Councillors in Angus have admitted they are not winning a battle against ‘supergulls’ - despite spending more than £100,000 to tackle the menace.
One expert has now claimed the problem being experienced throughout the country was so bad it need Government action.
Angus Council has stopped using a falconer as this proved not to be a “cost effective” measure.
Arbroath East and Lunan Councillor Donald Morrison said much can be done by residents as the council’s measures were “limited”.
He said: “There isn’t a burgh or village around Angus which doesn’t experience a problem with gulls nesting, the noise and the mess.
“Sadly the reality, as their natural foods have declined, gulls have adapted to our society, to our environment and are feeding off our discarded food and in some cases stealing food from our hands.
“These gulls also seem to be a lot bigger and though now more an urban species they are still protected under the law so local authorities and businesses are very limited to the measures they can take to combat the menace.”
Peter Rock, Britain’s leading urban gull expert, insisted the UK Government needed to properly invest in research into the problem.
He said: “We, as a nation, can’t tackle the problem of this new kind of urban gull until we find out everything we can about them, where they go, what they do, what their behaviour is, and where they breed.”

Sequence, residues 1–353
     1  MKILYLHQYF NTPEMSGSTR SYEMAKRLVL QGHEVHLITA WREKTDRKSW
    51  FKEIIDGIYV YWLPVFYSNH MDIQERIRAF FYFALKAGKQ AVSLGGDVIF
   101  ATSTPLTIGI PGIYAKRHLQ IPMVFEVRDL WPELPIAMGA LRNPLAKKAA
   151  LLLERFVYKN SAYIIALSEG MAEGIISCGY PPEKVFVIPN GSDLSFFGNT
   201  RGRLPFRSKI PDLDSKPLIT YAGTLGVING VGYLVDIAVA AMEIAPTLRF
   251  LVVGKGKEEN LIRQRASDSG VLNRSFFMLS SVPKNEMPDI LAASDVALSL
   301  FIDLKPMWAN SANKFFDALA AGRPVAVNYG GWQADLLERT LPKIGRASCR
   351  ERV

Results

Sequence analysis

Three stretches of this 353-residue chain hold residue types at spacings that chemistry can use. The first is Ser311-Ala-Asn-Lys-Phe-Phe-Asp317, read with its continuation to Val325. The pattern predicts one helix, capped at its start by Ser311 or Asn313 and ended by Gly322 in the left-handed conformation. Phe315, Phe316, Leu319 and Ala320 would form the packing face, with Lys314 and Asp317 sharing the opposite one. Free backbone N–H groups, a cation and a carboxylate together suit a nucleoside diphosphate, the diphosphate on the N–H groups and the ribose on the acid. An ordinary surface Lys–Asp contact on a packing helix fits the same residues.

A total of £114,749 has been spent by the Angus Council on pest control over the past five years, with £103,000 being directly spent on seagull complaints.
The authority has received more than 751 complaints and effected 1,555 treatments since 2011 - with 738 being dealt with in Arbroath, 628 in Montrose and 110 in Carnoustie.
A spokesman said it has provided a free service to remove seagull nests and eggs since 2009.
He said: “Up until 2014, we employed a falconer to fly birds of prey and disturb gulls prior to the nesting season at various locations.
“This was discontinued as part of necessary efficiencies and savings.
“By law we cannot harm or disturb chicks once the eggs have hatched.
“Once the chicks leave the nest, parent gulls can become very aggressive in a bid to protect them.
“There is nothing the council can do to prevent this as we would have to kill the chicks and that is only permissible in very exceptional circumstances.”
He said the public could help tackle the nuisance caused by gulls by not feeding them, and properly disposing of litter and food waste.
Aberdeenshire Council has spent almost £200,000 since 2010 trying to combat the nuisance birds, with yearly costs of around £2200 to deploy hawks.
Keith Bretton, the vice president of the Trust for British Ornithology, said gulls are “no longer scared” of humans.
He said: “They’ve learnt to live with us and are used to coming into contact with us. And now they’re getting into conflict with us, too.”